Today we observe, commemorate, and celebrate the baptism of Jesus by John the Baptist in the Jordan River. Matthew records the discussion between them. John senses something is awry. The positions should be reversed but Jesus says that it should be this way to fulfil all righteousness and so Jesus is baptised. Imagine the scene. The crowds, the line of penitents, John we always imagine in the water, Jesus, the heavens opening and the dove which Jesus sees but the voice speaks to the crowds it seems rather than Jesus. Put it all together and you have the Son of God with a well pleased heavenly Father but what is he – besides wet? He looks, at that moment, like any other repentant sinner! Now that has got to be a paradox! God and sin close together. We all know what should happen but the destruction doesn’t happen. This shouldn’t be possible. God in human form! God incarnate! God in the likeness of sinful flesh! God making him who knew no sin to be sin for us! And there Jesus stands wet. His public ministry has begun. His rescue of humanity is happening.
And this paradox is revealed as a joke, says the world, when Jesus does die on a cross – cursed by God! ‘Foolish.’ ‘Egotistical.’, says the world of this pretender. That is until his grave became empty and now the world doesn’t exactly know what to say – and so says many things but can’t put Jesus back in the tomb and all claims and theories that the resurrection message is fake news fail at some point. But the resurrection stands because Jesus is standing. Alive! And so the followers of Jesus have gone into all the world making disciples – baptising and teaching – and new life in Christ is given in baptism.
And the followers of Jesus also are a paradox, a mystery, because we live this son-ship, this daughtership, in flesh that dies. The wages of sin is death – and so death revels this sin truth. And so we live this baptised new life by faith and not by sight; by God’s Word as foundation and truth and guide because our experiences challenge that Word; in bodies that always require forgiveness, always need sacrificing – living sacrificing (another paradox!), with minds that always need transforming to discern the will of God because sin is never not part of our existence here in this age. In the new age it is gone but we are not there yet … oh wait, yes, we are through faith; faith alone in the grace of God who gives us life – life forever – through his Son and in our new birth.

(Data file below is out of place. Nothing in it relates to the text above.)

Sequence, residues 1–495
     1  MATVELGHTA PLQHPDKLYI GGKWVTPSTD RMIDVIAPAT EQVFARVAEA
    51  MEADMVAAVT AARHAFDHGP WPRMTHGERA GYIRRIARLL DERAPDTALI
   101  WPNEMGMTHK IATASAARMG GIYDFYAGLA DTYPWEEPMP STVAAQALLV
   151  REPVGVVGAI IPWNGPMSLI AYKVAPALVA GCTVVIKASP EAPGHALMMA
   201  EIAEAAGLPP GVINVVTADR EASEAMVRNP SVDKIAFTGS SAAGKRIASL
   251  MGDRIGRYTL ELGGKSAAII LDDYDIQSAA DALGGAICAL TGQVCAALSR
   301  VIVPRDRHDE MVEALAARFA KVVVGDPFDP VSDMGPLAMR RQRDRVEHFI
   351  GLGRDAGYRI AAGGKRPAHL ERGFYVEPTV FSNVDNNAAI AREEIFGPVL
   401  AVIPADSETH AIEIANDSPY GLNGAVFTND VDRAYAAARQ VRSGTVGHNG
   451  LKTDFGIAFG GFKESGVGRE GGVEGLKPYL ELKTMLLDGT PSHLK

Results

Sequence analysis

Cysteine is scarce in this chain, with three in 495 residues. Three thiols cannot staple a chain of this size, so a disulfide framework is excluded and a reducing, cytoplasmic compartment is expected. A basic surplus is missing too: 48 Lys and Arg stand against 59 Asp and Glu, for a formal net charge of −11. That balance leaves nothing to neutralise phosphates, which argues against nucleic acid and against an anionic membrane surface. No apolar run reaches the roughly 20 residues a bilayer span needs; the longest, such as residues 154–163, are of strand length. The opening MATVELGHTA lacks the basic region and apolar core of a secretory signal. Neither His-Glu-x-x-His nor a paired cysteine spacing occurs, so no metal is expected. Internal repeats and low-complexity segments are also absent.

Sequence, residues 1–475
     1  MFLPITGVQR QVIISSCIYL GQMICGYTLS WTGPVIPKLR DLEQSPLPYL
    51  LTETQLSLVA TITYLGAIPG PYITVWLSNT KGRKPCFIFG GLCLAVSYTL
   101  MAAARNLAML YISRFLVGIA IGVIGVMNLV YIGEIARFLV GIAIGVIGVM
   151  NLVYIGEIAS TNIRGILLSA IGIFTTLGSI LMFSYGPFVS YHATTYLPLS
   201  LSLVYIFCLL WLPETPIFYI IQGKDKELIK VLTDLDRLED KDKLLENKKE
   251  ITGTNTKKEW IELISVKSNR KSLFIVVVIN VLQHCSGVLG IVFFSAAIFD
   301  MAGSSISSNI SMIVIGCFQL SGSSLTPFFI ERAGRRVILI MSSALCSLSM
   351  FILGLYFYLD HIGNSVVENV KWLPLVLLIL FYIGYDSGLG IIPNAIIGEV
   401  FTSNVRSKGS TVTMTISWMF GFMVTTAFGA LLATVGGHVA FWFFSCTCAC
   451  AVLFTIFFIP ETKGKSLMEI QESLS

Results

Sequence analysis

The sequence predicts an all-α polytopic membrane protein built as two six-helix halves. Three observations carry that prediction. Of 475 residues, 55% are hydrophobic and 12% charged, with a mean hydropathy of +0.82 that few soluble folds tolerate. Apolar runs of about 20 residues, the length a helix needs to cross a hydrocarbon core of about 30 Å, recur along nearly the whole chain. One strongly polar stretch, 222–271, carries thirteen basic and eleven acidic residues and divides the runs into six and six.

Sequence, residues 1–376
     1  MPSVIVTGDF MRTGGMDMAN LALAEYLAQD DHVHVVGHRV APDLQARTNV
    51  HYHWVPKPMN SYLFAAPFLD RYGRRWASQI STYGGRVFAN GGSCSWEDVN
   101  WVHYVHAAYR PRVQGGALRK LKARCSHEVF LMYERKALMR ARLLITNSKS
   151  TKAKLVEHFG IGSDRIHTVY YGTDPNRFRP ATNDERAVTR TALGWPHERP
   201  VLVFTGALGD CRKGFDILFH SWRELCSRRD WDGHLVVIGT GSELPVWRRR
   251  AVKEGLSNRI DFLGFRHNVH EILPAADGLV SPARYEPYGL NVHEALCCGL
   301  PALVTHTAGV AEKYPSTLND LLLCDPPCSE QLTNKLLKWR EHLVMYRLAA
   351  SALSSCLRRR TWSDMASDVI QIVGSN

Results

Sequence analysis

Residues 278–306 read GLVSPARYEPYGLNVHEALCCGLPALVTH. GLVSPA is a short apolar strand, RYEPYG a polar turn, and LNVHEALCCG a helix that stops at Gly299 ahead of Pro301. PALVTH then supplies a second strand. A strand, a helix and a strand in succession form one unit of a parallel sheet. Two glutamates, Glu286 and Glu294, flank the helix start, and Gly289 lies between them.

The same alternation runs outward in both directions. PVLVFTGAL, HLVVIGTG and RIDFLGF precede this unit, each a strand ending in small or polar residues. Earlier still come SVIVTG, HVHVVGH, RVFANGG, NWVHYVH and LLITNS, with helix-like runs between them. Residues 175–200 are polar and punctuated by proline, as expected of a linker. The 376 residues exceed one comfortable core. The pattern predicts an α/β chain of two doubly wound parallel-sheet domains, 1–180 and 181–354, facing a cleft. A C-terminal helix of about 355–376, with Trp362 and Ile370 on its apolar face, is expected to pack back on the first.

Baptism is our being joined to Jesus’ death and resurrection so that we have another story to live by in all the words of selfishness, sin and death. It is a paradox that in our sins we receive forgiveness, that in our dying we can say, ‘we live in Christ’ and this dying isn’t the end! ‘Sad’ ‘Delusional’ – says the world. And we can fear and wonder too – ‘Is Jesus real?’ ‘Is my faith real?’ – and if the answers we find come from within ourselves then we will see how tainted and frail they are – how sin clings and infects – but if the answer comes from outside of us – to us – in Jesus’ name these words, water, bread and wine are ‘for you’ then we are made alive to live, to struggle, to keep being a paradox, a mystery – a forgiven sinner – because Jesus has done it.
This is life! This is living! Because the Son of God became one of us – see him in the water, hear the voice, “This is my beloved Son, with whom I am well pleased” – and then remember the water word put on you in the name of the Father and of the Son and of the Holy Spirit and go out and live – alive to Christ in these sinful bodies that will die.
- Romans 6:1 - 11